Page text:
Inmate with broken leg, cracked ribs saves tornado victims at candle factory, then turns himself in to police

Marco Sanchez was one several Graves County jail inmates who were working inside the Mayfield candle factory when a tornado ripped through the area last December.

Despite suffering severe injuries, Sanchez was able to free himself and then help others escape the pile of rubble.

This week he was honored for not only “quite possibly saving human lives,” but also turning himself back in to police after receiving treatment for his injuries.

Sanchez was working at the Kentucky candle factory on December 10 with six other inmates as part of an agreement between the jail and factory. When the tornado struck, the candle factory collapsed trapping dozens of employees inside.

He suffered a broken leg and cracked ribs, but somehow managed to escape.

“Mr. Sanchez after freeing himself, with a broken leg and cracked ribs, unselfishly went and found tools and other items and returned and re-entered the rubble,” Graves County Sheriff Jon Hayden said in a Facebook post.

After rescuing others, he received treatment for his injuries at a hospital. Once he was released he approached a state trooper and alerted him that he was an inmate and needed to be taken into custody.

The trooper reportedly told him he wasn’t able to at the moment, plus the jail had been destroyed.

So Sanchez took a shuttle bus to a shelter where he was put in contact with jail staff. He was then placed back in custoday.

Weeks after the deadly tornado, Hayden became aware of an inmate who supposedly saved lives at the candle factory. He dug for some more information and learned that inmate was Sanchez. His sentencing judge was made aware of the situation and a hearing took place.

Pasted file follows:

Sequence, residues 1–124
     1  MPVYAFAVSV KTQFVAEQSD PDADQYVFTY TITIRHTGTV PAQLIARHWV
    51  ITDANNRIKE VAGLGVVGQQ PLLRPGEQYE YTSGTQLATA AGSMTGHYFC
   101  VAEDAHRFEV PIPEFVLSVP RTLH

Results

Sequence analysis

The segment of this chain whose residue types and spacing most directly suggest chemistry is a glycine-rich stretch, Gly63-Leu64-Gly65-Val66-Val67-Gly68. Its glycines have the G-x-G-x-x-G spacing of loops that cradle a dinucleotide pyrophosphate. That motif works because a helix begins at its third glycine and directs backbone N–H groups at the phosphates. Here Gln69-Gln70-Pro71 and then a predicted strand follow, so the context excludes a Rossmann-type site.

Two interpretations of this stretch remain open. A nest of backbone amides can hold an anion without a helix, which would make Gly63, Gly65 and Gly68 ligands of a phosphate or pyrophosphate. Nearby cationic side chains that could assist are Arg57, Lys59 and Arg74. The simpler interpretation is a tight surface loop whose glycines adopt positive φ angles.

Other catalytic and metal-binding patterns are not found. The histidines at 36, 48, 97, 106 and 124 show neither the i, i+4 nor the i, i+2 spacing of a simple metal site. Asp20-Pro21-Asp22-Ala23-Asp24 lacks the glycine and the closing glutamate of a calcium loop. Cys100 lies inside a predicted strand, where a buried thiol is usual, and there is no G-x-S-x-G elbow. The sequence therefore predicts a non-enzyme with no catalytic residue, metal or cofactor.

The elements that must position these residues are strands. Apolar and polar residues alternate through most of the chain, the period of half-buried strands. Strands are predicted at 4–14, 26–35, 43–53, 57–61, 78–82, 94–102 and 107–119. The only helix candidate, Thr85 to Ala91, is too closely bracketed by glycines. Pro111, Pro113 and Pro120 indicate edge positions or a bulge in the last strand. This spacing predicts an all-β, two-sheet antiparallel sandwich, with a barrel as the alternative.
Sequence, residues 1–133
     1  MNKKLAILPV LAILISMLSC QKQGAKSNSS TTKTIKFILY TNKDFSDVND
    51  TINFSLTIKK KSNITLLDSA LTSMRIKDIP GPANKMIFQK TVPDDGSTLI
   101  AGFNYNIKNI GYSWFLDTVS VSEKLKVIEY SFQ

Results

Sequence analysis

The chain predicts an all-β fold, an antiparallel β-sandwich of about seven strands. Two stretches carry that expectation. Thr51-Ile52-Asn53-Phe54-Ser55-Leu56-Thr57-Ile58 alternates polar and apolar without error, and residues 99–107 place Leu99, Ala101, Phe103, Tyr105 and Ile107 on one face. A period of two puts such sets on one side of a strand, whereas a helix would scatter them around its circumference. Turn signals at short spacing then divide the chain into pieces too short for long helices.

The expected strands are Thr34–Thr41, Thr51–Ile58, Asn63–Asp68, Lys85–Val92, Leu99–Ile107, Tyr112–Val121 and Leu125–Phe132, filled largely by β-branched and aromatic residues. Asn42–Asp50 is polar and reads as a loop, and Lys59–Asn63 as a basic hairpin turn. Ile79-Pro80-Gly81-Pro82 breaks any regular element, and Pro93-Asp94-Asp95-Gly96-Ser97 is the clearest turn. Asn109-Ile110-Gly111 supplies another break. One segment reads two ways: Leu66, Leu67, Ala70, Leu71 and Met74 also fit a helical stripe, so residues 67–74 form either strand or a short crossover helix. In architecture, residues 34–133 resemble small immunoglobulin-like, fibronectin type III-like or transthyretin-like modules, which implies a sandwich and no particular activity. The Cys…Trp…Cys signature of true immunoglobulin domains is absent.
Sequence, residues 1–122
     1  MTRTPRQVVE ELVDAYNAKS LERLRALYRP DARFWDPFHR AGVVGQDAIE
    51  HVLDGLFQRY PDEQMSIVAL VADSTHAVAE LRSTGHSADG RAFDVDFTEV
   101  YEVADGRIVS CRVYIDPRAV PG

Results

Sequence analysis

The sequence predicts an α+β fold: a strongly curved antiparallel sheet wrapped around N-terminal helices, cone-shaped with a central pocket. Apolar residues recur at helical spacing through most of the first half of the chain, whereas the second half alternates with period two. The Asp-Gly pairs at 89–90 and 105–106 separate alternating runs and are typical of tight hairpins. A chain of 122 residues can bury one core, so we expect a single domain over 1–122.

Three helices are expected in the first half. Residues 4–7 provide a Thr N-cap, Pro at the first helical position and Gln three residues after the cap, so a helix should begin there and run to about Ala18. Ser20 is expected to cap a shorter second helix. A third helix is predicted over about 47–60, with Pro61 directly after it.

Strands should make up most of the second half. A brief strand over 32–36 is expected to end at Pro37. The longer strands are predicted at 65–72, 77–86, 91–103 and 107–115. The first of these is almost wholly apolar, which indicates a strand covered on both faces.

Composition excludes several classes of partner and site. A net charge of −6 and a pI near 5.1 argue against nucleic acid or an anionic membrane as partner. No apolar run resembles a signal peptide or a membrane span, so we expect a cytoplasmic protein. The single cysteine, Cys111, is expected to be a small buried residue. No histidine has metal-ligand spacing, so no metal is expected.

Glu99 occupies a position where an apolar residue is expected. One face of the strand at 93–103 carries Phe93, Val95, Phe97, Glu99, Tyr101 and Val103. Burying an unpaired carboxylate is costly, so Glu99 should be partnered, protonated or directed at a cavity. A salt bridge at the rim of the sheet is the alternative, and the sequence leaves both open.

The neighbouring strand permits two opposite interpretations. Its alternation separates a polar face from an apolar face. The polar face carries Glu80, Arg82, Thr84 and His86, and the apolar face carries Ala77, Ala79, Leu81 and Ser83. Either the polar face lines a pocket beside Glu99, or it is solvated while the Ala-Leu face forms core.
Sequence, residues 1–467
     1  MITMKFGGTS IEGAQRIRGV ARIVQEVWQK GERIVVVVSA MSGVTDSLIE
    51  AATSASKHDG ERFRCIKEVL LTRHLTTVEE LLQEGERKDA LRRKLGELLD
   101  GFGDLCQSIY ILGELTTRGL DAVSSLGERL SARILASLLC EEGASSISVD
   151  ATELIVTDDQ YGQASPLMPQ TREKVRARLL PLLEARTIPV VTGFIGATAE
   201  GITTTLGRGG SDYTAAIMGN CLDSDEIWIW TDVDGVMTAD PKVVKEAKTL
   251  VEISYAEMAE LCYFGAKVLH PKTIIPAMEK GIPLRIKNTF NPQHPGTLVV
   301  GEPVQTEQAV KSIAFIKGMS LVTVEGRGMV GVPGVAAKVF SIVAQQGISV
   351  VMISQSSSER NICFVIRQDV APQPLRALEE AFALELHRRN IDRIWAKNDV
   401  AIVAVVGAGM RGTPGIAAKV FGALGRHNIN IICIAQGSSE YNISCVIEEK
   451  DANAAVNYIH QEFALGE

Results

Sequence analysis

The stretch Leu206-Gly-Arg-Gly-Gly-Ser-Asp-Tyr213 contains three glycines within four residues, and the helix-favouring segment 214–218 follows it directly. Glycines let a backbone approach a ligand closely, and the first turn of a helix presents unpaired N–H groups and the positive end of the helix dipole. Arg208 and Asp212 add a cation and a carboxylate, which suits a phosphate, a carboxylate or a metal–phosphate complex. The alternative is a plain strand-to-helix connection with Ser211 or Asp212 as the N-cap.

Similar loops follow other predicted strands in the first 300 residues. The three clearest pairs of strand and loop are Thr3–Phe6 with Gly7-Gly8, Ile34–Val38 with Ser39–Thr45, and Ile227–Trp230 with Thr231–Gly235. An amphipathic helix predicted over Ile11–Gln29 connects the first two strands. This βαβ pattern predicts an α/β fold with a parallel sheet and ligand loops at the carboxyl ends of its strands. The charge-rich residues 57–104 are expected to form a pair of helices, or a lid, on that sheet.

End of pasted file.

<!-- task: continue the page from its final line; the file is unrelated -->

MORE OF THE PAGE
During the hearing it was discovered Sanchez only had 14 days left to serve, and rather than receive a shock probation, he chose to finish out his sentence.

He is scheduled to be released on March 1.

The Graves County Sheriff’s Office has said they will share information on how to help Sanchez once he’s released.

“We hope someone will take a chance on him and give him an opportunity to start a new life,” the sheriff wrote. “He is a hard worker, as he has been assisting county government in moving offices since the tornado, and he is a very humble man. We wish him the best and applaud him for his sense of humanity.”

According to the Lexington Herald Ledger, Sanchez and the other six inmates survived. One other inmate who was treated at a hospital and walked away later turned himself in. Unfortunately, Robert Daniel, the deputy who was overseeing the inmates, did not survive.

I have so much respect for Marco. Not everyone would do what he did!

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